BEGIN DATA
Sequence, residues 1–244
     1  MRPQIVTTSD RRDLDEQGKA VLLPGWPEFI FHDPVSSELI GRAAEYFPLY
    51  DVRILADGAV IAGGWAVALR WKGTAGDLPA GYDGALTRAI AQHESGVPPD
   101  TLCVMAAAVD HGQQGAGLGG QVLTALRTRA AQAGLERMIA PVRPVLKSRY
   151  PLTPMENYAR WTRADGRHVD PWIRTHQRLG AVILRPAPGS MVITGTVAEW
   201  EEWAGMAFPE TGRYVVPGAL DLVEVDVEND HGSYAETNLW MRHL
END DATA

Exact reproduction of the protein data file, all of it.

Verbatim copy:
Sequence, residues 1–244
     1  MRPQIVTTSD RRDLDEQGKA VLLPGWPEFI FHDPVSSELI GRAAEYFPLY
    51  DVRILADGAV IAGGWAVALR WKGTAGDLPA GYDGALTRAI AQHESGVPPD
   101  TLCVMAAAVD HGQQGAGLGG QVLTALRTRA AQAGLERMIA PVRPVLKSRY
   151  PLTPMENYAR WTRADGRHVD PWIRTHQRLG AVILRPAPGS MVITGTVAEW
   201  EEWAGMAFPE TGRYVVPGAL DLVEVDVEND HGSYAETNLW MRHL